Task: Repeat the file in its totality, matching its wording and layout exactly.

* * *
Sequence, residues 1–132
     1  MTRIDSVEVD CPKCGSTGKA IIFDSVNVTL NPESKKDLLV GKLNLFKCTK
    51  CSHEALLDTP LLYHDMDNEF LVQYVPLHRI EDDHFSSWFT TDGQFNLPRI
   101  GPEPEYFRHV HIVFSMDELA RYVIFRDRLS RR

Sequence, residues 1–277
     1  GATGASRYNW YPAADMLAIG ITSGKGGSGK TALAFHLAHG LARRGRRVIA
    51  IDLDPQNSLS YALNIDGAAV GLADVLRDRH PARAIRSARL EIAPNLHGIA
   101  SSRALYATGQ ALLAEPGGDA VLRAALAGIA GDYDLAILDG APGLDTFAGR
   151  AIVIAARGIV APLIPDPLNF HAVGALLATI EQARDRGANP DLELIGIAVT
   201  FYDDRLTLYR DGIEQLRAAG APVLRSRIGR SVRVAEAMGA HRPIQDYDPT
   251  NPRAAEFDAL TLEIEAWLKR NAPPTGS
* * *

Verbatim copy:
Sequence, residues 1–132
     1  MTRIDSVEVD CPKCGSTGKA IIFDSVNVTL NPESKKDLLV GKLNLFKCTK
    51  CSHEALLDTP LLYHDMDNEF LVQYVPLHRI EDDHFSSWFT TDGQFNLPRI
   101  GPEPEYFRHV HIVFSMDELA RYVIFRDRLS RR

Sequence, residues 1–277
     1  GATGASRYNW YPAADMLAIG ITSGKGGSGK TALAFHLAHG LARRGRRVIA
    51  IDLDPQNSLS YALNIDGAAV GLADVLRDRH PARAIRSARL EIAPNLHGIA
   101  SSRALYATGQ ALLAEPGGDA VLRAALAGIA GDYDLAILDG APGLDTFAGR
   151  AIVIAARGIV APLIPDPLNF HAVGALLATI EQARDRGANP DLELIGIAVT
   201  FYDDRLTLYR DGIEQLRAAG APVLRSRIGR SVRVAEAMGA HRPIQDYDPT
   251  NPRAAEFDAL TLEIEAWLKR NAPPTGS